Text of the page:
Stakeholders in the aquaculture subsector have pleaded with the Fisheries Commission (FC) and the Ghana Standards Authority (GSA) for a residue monitoring and bio-certification.
The stakeholders, through a position paper presented by the Development Action Association (DAA) to the Fisheries Commission at the Fisheries Commission Conference room, called on FC to develop a Residue Monitoring Plan as part of the measures to warrant a safe and high quality fish for consumers, in line with international standards and export requirements.
Joseph Wise Seyram Klu, an agribusiness consultant, upon presenting the position paper disclosed that, the residues in farmed fish are not tested at the moment in view of the absence of a residue monitoring plan for farmed fish.
“This phenomenon has led to difficulties in ascertaining the quality of fish produced in aquaculture systems in accordance with the requisite food safety standards.
“A Residue Monitoring Plan is key to the requirement for farmed fish export into the EU market, and the absence of it is a barrier to entry for farmers who wish to export.”Mr. Joseph Wise Seyram Klu
The position paper also communicated stakeholders’ call for the government through the Ministry of Fisheries and Aquaculture Development and the Fisheries Commission, to resource the Veterinary Services Directorate (VSD)’s National Food Safety Laboratory, or the GSA’s Food Laboratory with a Liquid Chromatography Mass Spectrometry (LC-MS) machine and its accessories to enable the testing of residues in farmed fish.
Francis De Heer, the Organizer of the National Aquaculture Association repeated how crucial it has become for the FC to operationalize an aquaculture biosecurity plan to help in managing bio-certification of fish farms and regulate aquaculture practices.
According to Mr. De Heer, this will require an urgent institution of farmer and consumer-oriented programs to promote aquaculture, safeguard sustainable water resource management and food safety.
“It will also ensure the protection of wild species and promote healthy, productive, and resilient water-use ecosystems.”Mr. Francis De Heer
Not limited to that, Mr. De Heer as well emphasized on the necessity for the Fisheries Commission to develop and establish a national aquaculture bio-certification program, along with biosecurity self-assessment checklists for farmers and fisheries staff.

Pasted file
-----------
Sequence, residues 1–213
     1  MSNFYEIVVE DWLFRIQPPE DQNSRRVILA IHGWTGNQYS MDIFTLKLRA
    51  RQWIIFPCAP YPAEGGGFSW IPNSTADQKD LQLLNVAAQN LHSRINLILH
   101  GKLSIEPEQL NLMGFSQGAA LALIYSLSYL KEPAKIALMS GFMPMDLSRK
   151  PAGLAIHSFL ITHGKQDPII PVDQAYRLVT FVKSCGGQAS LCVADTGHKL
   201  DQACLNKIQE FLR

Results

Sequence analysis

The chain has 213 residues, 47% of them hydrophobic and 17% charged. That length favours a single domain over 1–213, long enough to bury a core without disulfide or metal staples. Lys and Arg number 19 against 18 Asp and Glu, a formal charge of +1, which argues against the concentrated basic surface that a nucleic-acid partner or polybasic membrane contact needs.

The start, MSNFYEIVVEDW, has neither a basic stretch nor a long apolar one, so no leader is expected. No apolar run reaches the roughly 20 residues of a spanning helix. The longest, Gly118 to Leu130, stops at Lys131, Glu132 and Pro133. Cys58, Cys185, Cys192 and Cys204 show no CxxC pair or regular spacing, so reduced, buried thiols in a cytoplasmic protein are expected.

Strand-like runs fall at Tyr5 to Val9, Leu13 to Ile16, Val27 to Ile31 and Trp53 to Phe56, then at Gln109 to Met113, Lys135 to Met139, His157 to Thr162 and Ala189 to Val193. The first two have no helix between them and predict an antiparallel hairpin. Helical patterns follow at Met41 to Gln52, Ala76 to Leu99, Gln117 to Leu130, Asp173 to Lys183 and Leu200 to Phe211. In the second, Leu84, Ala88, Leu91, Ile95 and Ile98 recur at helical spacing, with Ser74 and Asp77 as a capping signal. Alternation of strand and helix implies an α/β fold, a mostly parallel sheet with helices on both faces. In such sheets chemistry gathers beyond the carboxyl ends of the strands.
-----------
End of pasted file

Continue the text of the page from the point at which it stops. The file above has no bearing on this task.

“The institution and implementation of a fish farm bio-certification program will minimize production losses and reduce the risks of pests and diseases affecting farmed fish and the environment as well as reduce the risk of losing market access for Ghana’s farmed fish.”Mr. Francis De Heer
Fish Health Unit Should Engage Veterinary Services Directorate To Develop The Aquaculture Subsector
Emelia Nortey of the Development Action Association (DAA) raising concerns in line with the position paper, bemoaned the absence of documented aquaculture disease surveillance, disease preparedness and control plans by the Fisheries Commission and therefore called on the Fish Health Unit of the Fisheries Commission to engage the VSD and develop one for the aquaculture subsector.
Mrs. Nortey urged the Fisheries Commission to strengthen ties and synchronize its operations with the VSD, FDA and GSA given their vital roles.
She further called on the Fisheries Commission to resource technical officers to supervise the biosecurity plan and the bio-certification program as well as ensure the establishment of fisheries desks at the various Metropolitan, Municipal, and District Assemblies (MMDAs).
Paul Bannerman, the Deputy Executive Director of the Fisheries Commission upon receiving the position paper expressed his gratitude to the Development Action Association for their efforts, and showed his appreciation to GIZ, which has been supportive of this process through its Sustainable Employment in line with Agribusiness (AgriBiz) program.